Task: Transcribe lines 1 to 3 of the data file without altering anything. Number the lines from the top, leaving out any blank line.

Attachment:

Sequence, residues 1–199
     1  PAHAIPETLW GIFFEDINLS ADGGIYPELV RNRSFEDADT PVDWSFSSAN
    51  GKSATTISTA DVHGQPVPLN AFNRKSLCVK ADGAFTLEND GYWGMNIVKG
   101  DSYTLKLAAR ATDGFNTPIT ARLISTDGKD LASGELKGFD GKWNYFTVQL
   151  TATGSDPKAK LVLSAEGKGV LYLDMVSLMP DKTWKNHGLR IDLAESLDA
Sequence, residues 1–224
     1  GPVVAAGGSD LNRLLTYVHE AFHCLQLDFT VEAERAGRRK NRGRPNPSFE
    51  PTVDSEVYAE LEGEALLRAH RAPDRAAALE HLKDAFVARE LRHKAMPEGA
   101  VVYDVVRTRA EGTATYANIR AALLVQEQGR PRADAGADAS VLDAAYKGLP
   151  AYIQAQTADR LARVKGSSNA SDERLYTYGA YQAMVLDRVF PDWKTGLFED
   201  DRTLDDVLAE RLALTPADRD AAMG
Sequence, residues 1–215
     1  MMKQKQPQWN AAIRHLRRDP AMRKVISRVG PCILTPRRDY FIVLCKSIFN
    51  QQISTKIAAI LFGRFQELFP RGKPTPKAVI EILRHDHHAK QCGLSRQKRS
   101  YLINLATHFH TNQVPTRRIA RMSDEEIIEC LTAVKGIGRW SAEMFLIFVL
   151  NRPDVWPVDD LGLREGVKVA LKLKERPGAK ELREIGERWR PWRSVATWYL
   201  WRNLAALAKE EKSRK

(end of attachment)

Sequence, residues 1–199
     1  PAHAIPETLW GIFFEDINLS ADGGIYPELV RNRSFEDADT PVDWSFSSAN
    51  GKSATTISTA DVHGQPVPLN AFNRKSLCVK ADGAFTLEND GYWGMNIVKG